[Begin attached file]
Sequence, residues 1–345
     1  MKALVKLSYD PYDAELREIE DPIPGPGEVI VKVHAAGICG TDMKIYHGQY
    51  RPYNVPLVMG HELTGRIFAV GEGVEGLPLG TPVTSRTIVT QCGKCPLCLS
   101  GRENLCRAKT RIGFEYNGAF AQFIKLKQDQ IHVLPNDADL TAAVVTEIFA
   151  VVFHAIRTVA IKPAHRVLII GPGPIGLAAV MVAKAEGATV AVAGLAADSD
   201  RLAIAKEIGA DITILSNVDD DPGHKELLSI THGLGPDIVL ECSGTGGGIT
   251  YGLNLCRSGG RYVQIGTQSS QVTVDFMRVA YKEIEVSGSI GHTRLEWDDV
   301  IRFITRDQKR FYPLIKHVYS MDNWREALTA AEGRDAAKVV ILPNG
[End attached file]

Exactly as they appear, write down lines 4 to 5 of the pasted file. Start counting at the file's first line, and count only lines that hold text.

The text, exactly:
   101  GRENLCRAKT RIGFEYNGAF AQFIKLKQDQ IHVLPNDADL TAAVVTEIFA
   151  VVFHAIRTVA IKPAHRVLII GPGPIGLAAV MVAKAEGATV AVAGLAADSD